U-M researcher develops program to help families share cancer gene testing news
A researcher at the University of Michigan School of Nursing advocating for women to seek genetic testing who have a high risk of breast and ovarian cancer has developed a program to help people share the news with their families.
Courtesy of the U-M School of Nursing
The program involves sessions with a genetic counselor and oncology nurse to discuss how and why to reveal the results of a positive genetic test result for the BRCA1 and BRCA2 mutations to family members, as well as which family members need to know.
Women that are found to be carriers of either of the two genetic mutations have a 50 to 80 percent chance of getting breast cancer, compared with 12 percent of women who don’t carry the mutation, said Katapodi.
The genes are passed down from one generation to the next. Men can also be carriers of the gene. Other cancers are associated with the BRCA mutation as well: colon, prostate and pancreatic.
“Our goal is to help this mutation carrier talk with the family members and to help them figure out what it means to each person,” Katapodi said.
Once a person learns they are a carrier of the BRCA genetic mutation, the people most likely to be informed are their nuclear family and those that have close emotional relationships with them.
“The people usually left out are distant relatives,” Katapodi said, including people that geographically live far away.
As health care professionals don’t have the authority to contact the relatives of patients, it’s on the patient to tell their family that they’re a genetic carrier for breast cancer.
Four out of five times that a woman seeks genetic testing it’s because she has a breast cancer diagnosis, Katapodi said.
“For a woman diagnosed at age 31 or 32, the concern is to treat the disease immediately,” Katapodi said, noting at that age, many women are planning their lives and careers. “When you have an immediate cancer diagnosis, all that goes away. You have no luxury to plan your life.”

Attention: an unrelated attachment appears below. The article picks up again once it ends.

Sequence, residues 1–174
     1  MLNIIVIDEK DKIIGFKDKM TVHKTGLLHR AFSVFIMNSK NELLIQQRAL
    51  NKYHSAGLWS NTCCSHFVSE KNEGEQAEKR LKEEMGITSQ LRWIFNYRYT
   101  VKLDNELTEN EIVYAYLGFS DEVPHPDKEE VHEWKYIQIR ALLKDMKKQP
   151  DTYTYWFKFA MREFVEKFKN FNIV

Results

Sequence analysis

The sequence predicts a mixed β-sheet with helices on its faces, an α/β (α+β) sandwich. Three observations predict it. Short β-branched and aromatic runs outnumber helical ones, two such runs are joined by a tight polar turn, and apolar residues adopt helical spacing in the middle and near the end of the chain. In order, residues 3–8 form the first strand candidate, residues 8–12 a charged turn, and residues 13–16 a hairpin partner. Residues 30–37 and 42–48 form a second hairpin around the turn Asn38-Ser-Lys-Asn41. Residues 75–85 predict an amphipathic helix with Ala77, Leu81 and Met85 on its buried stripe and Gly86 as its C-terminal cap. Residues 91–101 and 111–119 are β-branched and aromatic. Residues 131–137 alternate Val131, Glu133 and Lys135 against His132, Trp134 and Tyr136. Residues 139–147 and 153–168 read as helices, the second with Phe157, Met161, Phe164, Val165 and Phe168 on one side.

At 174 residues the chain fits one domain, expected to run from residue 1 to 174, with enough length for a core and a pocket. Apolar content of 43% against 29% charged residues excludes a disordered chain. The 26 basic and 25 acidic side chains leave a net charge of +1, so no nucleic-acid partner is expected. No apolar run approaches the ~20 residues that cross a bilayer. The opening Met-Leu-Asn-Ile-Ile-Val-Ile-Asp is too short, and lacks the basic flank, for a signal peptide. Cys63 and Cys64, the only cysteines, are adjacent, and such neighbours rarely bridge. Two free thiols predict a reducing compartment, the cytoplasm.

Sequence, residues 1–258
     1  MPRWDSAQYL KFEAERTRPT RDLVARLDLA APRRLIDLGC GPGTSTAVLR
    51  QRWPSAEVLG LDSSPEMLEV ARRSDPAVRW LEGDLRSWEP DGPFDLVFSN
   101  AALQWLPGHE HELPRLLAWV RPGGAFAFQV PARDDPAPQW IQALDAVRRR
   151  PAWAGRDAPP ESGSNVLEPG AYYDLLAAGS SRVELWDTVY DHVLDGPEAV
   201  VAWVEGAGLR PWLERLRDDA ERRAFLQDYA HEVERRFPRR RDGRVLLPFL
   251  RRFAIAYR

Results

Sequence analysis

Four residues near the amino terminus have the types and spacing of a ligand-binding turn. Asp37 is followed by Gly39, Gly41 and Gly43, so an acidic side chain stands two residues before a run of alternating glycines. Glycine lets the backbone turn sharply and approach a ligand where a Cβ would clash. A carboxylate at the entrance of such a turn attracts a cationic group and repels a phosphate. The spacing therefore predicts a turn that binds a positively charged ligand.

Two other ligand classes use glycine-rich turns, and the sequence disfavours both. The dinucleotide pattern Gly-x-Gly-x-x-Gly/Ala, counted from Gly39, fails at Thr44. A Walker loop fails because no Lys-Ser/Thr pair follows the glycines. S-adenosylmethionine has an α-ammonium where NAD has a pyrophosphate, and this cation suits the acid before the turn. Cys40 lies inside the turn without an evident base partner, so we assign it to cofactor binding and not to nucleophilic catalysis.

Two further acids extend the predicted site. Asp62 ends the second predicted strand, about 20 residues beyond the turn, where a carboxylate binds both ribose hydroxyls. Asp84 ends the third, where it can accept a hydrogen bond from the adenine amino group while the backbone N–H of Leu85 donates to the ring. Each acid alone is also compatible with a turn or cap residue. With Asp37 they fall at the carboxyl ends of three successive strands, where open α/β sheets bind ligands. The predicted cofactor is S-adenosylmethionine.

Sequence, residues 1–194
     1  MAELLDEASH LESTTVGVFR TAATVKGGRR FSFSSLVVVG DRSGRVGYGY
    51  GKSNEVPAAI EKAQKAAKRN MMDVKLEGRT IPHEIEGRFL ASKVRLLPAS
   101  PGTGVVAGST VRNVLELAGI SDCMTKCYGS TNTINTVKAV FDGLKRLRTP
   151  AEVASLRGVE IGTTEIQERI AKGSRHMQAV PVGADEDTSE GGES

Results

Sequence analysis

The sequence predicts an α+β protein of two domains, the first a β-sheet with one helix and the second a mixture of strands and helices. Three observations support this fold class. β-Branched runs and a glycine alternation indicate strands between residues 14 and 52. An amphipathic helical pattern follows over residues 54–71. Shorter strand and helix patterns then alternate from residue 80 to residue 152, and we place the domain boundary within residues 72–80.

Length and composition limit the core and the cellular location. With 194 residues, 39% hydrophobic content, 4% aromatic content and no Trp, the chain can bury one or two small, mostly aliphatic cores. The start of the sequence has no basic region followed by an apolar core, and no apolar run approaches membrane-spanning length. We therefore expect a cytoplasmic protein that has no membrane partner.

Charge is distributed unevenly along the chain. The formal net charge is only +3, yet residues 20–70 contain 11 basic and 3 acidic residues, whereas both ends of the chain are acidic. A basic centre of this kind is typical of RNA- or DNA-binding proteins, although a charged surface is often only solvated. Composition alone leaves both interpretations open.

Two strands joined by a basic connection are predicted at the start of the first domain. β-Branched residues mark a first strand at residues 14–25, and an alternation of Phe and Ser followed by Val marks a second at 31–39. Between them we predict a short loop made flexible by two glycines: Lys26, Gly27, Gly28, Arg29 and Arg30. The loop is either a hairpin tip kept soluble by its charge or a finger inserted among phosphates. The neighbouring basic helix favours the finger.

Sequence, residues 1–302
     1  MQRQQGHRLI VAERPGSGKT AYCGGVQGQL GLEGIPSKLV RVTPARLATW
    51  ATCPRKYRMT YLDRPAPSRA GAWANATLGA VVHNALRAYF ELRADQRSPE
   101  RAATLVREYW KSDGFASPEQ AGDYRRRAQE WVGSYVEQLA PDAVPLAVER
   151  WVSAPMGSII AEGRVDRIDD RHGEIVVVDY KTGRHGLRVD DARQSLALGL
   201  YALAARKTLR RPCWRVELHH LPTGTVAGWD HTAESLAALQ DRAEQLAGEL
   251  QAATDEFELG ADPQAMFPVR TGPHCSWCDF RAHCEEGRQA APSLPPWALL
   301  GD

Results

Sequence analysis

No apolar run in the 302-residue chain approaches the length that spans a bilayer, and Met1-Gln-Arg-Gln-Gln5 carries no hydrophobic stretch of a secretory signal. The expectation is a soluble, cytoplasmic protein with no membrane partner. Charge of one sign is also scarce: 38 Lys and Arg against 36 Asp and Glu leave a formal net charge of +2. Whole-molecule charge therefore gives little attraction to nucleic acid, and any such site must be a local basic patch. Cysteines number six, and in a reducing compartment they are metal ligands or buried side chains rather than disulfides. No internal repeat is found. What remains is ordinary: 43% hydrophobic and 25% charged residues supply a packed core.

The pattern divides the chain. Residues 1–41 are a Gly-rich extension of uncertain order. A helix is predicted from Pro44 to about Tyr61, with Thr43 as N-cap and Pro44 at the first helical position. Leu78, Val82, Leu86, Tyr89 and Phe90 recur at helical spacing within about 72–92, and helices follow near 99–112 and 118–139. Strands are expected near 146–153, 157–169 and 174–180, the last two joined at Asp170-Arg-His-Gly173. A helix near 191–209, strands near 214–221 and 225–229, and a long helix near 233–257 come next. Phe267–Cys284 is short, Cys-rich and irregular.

Katapodi is urging women to be tested earlier to give them time to be able to plan life events like getting married, having children and career moves.
“When you know beforehand, it is a burden, and some people say they’d rather not know,” Katapodi said. “In my opinion, it’s better to make some decisions when you’re not in the hot seat.”
Cancer treatment occurs now after the diagnosis is made. Katapodi wants to change that by promoting earlier testing for people that could be predisposed to getting cancer to see if they’re genetic carriers of the BRCA mutation.
There’s no way to predict whether a person will eventually get the cancer if they have the gene.
“Still, the person can make an informed decision,” Katapodi said. “You give people the opportunity to choose.”
Genetic testing can cost as much as $4,000. A recent Supreme Court case may result in a decrease of the cost in the future, as the court ruled that one company cannot be the sole holder of the patent for the testing, Katapodi said.
Katapodi is seeking families to participate in the pilot program that she’s testing. A person in the family must have been identified as a carrier of either the BRCA1 or BRCA2 gene.
Families interested in The Family Gene Toolkit can contact Katapodi by email at firstname.lastname@example.org or by calling (734) 647-0178, or contact the Clinical Research Project Manager Kari Mendelsohn-Victor at email@example.com or (734) 615-4017.